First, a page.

Physiotherapy Section DOI : 10.7860/JCDR/2020/37948.13486
Year : 2020 | Month : Feb | Volume : 14 | Issue : 02 Page : YC01 - YC05

Effect of Very Early Mobilisation on Symptoms of Depression and Anxiety Following Acute Stroke: A Randomised Controlled Trial

Purusotham Chippala1, Raghava Sharma2

1 Associate Professor, Department of Physiotherapy, Nitte Institute of Physiotherapy, Nitte Deemed to be University, Mangaluru, Karnataka, India.
2 Professor, Department of Medicine, KS Hegde Medical Academy, Nitte Deemed to be University, Mangaluru, Karnataka, India.


NAME, ADDRESS, E-MAIL ID OF THE CORRESPONDING AUTHOR: Dr. Purusotham Chippala, Medical Sciences Complex Deralakatte, Mangaluru, Karnataka, India.
E-mail: chippala1979@gmail.com
Abstract

Introduction

Depression and Anxiety are one of the most commonly experienced problems by stroke survivors. It affects the functional status and quality of life of stroke survivor. Early physical activity may reduce symptoms of depression and anxiety.

Aim

To determine the effect of very early mobilisation coupled with standard care compared with the standard care alone on symptoms of depression and anxiety following acute stroke.

Materials and Methods

Study design was parallel active controlled, randomised controlled trial from December 2013 to December 2015. The intervention group received very early mobilisation including out of bed activities such as sitting, standing upright, walking begun within 24 hours of stroke onset for 5-30 minutes (Determined by patient tolerance) at least twice a day, for seven days. All the participants received standard physiotherapy care for 45 minutes once a day. Symptoms of depression and anxiety were measured using the Hospital Anxiety and Depression (HAD) rating scale on admission, at discharge and at three months follow-up. The Mann-Whitney U-test was used to compare the HAD rating scale measures between groups and the p-value <0.05 was considered as significant.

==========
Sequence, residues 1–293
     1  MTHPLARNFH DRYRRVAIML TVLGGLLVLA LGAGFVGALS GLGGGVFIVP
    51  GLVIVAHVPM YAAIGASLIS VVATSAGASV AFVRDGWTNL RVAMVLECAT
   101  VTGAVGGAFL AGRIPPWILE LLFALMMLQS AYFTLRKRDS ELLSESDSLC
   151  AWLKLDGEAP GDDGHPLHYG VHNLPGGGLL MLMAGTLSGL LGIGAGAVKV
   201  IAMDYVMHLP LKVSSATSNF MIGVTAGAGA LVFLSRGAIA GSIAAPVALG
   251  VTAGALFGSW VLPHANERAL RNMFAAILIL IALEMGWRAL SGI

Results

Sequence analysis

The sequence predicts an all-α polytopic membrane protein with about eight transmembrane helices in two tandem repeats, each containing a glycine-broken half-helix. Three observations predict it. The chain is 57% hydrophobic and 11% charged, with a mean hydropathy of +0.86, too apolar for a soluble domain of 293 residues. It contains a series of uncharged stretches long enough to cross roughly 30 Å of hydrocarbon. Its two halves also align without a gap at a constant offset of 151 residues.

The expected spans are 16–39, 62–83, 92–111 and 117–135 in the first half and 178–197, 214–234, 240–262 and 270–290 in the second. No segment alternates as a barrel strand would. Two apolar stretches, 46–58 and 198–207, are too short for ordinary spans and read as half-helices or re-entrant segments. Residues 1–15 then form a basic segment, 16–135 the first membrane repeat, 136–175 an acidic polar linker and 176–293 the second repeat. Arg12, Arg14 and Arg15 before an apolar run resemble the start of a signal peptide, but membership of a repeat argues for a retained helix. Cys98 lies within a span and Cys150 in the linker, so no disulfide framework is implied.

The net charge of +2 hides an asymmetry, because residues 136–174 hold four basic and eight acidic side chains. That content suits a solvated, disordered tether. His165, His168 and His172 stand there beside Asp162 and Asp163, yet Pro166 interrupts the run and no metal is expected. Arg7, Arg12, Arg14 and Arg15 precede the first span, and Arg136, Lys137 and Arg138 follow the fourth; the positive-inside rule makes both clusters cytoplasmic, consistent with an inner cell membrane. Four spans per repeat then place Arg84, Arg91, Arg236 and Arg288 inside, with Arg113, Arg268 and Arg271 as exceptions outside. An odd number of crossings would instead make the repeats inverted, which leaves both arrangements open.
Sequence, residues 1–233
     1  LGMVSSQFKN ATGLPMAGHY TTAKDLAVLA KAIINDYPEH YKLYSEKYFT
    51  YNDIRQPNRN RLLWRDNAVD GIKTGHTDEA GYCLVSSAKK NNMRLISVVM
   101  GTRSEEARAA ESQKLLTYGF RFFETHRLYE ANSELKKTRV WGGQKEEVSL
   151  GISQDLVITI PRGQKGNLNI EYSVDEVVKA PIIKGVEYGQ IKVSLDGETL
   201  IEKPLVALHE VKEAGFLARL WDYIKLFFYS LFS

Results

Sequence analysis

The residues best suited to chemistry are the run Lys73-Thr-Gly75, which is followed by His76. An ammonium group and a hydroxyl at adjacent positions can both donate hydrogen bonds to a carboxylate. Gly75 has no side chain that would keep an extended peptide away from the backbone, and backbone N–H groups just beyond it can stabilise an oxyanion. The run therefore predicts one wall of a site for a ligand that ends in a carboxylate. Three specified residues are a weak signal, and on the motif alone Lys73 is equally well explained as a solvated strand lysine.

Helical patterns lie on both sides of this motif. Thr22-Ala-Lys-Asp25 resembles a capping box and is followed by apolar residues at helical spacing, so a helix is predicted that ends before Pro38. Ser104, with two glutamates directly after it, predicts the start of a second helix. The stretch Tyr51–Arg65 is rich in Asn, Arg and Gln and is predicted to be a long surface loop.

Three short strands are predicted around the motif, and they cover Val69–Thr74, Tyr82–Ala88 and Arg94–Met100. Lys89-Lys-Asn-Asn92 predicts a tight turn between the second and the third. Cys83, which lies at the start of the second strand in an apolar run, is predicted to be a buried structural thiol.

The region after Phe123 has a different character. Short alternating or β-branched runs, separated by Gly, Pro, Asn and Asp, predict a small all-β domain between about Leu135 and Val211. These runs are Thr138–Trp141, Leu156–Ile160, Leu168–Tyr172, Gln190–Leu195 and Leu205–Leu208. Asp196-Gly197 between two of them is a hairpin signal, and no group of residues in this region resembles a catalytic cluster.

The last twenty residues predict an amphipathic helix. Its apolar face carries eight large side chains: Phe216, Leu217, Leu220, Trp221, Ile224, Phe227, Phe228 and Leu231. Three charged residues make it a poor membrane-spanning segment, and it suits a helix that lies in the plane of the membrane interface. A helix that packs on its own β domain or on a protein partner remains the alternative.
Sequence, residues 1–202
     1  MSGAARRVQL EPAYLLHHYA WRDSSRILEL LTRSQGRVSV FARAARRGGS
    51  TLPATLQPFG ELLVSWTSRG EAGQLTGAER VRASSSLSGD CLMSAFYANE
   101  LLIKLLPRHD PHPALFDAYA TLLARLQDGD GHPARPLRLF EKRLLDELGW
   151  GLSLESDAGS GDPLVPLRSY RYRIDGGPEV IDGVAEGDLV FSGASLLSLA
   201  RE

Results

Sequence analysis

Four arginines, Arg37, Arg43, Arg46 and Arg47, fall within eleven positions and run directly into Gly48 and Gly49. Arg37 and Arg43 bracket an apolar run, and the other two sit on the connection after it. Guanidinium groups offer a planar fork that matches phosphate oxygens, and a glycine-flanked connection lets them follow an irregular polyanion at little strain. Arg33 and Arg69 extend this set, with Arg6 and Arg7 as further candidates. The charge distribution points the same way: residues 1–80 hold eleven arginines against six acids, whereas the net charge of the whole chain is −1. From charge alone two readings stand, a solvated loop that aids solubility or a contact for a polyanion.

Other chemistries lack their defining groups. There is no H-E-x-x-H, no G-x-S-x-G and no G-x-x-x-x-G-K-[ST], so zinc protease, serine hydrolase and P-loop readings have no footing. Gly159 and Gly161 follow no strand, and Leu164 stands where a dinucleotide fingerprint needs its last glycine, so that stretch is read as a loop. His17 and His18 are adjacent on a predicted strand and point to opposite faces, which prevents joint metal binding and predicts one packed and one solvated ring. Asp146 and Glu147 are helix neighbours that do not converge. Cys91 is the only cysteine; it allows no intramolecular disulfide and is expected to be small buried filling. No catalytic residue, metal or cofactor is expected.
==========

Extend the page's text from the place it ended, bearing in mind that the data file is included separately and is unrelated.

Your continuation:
Results

A total of 105 individuals with acute stroke (62 male and 43 female) aged 30-81 years were recruited in the study. The intervention group (n=48) demonstrated a significant decrease in symptoms of anxiety and depression at discharge (p<0.05) and at three months follow-up (p<0.05) than the standard care group (n=47).

Conclusion

Very early mobilisation may be potential treatment to prevent or reduce symptoms of depression and anxiety following acute stroke.

Introduction

The depression and anxiety are the most recognised adverse events after a cerebro vascular accident [1,2]. Recent systematic reviews and trails from India states that 33% of all stroke survivors experience symptoms of depression and 18% experience anxiety [3-5]. Stroke survivors with depression and anxiety have decreased functional recovery, psychosocial outcome, quality of life and higher death rates and hence greater the length of hospital stay [6-13]. Early and frequent mobilisation is one of the significant parts of acute stroke care units. ‘Very Early Mobilisation’ is defined as frequent out of bed activities of daily living initiated within the first 24 hours of symptom onset [14].

Recent evidence suggests that early and repetitive out of bed activities after acute stroke are proven to be safe, feasible [15] and cost effective [16]. Further very early mobilisation is effective in improving the functional status [17,18], health-related quality of life [19] and reduce the number and severity of adverse events, length of hospital stay [20]. However, recent trials have shown that, very early mobilisation has no effect on depression further had a negative effect on functional disability [21,22]. So, the aim of present study was to determine the effect of very early mobilisation in addition to standard care compared with standard care alone on symptoms of depression and anxiety following acute stroke.

Materials and Methods